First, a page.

Early Psychosis Programs
The UC Davis Early Psychosis Programs are nationally recognized as a leading provider of early psychosis care. Early identification and intervention are necessary steps in reducing the impact of psychosis on affected individuals, their families and our community.
Our community-based education and outreach program identifies individuals prior to the onset of the most devastating aspects of psychosis, preventing deterioration and hospitalization wherever possible. Our family-centered treatment approach empowers individuals and their families to be active participants in their care, helping them achieve their personal, social, educational and occupational goals. We do this in a culturally sensitive manner that addresses the specific needs of each individual, their family, and community.
If you are experiencing symptoms but aren’t sure if our clinical services are right for you, please take our 21-question screening survey.
Early detection and treatment of psychosis or a mood disorder leads to better outcomes.
In the news
Statewide program is aimed at early detection of psychosis and mood disorders
The nationally recognized UC Davis Early Psychosis Programs at UC Davis Health received a four-year, $3.9 million contract from the Mental Health Services Oversight and Accountability Commission (MHSOAC). The award provides support for training and technical assistance at statewide programs. The goal is to identify and treat people in the early stages of psychosis or a mood disorder.
Tara Niendam, Ph.D. and Ruth Shim, M.D., M.P.H., discuss the nationally recognized Early Psychosis Programs with Secretary Becerra.
In the news
A focus on improving mental health
Health and Human Services (HHS) Secretary Xavier Becerra, who has made behavioral health a key priority for HHS, tours UC Davis’ Early Psychosis Programs. His visit follows an announcement that the Substance Abuse and Mental Health Services Administration (SAMHSA) is distributing $3 billion in American Rescue Plan funding for its mental health and substance use block grant programs.
Read the full news story about HHS Secretary Becerra’s visit
Looking Brighter: Surviving Psychosis
This documentary short highlights the lived experience of Chris Ferrari, who has dealt with not only psychosis, but the side effects of treatment for psychosis. Chris, his family, and his trusted mental health professionals at the UC Davis Early Psychosis Programs worked together to develop a recovery plan. Documentary made possible by a grant from Neurocrine Biosciences. Visit One Mind site for more information.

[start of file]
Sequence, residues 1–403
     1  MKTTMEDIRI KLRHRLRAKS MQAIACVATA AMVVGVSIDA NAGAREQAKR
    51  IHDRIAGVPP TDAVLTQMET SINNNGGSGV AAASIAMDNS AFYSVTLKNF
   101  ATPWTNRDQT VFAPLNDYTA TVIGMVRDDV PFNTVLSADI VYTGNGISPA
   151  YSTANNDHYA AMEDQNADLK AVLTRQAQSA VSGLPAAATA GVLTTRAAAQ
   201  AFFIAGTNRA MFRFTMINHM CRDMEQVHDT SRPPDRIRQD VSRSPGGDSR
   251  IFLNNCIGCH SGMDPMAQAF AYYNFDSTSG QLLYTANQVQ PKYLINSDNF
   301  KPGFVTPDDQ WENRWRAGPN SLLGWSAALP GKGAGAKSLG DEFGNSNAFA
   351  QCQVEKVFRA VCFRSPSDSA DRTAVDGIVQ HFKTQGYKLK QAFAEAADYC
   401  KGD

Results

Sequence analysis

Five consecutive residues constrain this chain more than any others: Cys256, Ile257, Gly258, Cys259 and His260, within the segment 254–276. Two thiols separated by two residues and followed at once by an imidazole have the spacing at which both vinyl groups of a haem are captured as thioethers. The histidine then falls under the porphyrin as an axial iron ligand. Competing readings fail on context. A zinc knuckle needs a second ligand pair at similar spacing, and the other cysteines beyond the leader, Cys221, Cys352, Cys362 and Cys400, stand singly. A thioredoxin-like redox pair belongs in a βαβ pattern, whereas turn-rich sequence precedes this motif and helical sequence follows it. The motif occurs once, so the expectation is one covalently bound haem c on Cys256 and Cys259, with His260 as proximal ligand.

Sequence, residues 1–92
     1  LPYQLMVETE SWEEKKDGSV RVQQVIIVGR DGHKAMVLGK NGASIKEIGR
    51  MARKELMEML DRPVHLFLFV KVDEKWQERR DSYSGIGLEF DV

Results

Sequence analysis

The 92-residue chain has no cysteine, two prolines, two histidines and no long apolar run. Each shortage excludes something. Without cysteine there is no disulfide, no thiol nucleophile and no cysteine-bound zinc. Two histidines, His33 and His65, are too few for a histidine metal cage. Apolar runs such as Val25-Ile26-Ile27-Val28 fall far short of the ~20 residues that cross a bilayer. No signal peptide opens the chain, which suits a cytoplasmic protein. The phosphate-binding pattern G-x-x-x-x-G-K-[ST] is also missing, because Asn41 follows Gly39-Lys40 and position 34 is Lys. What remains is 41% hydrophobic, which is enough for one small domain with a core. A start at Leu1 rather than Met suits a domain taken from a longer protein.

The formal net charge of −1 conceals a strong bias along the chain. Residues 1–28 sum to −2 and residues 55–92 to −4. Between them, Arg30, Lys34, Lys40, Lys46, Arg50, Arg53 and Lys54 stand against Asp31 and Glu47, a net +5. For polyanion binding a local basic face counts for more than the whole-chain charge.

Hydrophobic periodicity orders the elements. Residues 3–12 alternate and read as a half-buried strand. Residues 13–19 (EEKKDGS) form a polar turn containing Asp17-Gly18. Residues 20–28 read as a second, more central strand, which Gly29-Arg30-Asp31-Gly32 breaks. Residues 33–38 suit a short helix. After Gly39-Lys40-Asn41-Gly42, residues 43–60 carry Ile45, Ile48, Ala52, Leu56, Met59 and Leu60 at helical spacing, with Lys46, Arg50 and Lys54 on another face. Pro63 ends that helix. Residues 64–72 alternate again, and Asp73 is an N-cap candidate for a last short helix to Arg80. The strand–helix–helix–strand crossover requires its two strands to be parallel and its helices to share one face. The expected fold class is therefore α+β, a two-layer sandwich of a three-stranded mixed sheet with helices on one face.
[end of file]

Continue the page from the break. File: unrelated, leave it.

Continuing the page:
The UC Davis Early Psychosis Programs, including the EDAPT and SacEDAPT Clinics are located at the UC Davis Medical Center and are part of the mental health care services provided by the Department of Psychiatry and Behavioral Sciences. Our programs have a strong and diverse interdisciplinary team of physicians, clinicians, support staff, and consumer/family advocates with unique expertise in state-of-the-art assessments and evidence-based practices for early identification and intervention for psychotic disorders.
We provide coordinated specialty care (CSC) in an outpatient setting that incorporates targeted medication management, individual, family and group psychosocial interventions, case management services, and supported education and employment with the goals of early diagnosis, treatment, and disability prevention.
Founded in 2004 by Cameron Carter, M.D., the program is funded by the Division of Behavioral Health Services through the voter approved Proposition 63, Mental Health Services Act (MHSA).
Our mission is to bring hope and wellness to individuals and families who are struggling with psychosis. To reduce stigma and increase help-seeking, we educate our community on the nature of mental disorders and the positive impact of early intervention. We use our unique training and expertise in cutting-edge assessment techniques to identify at-risk individuals early in their illness and provide comprehensive evidence-based treatment, focusing on consumer self-determination and family support as the path toward recovery.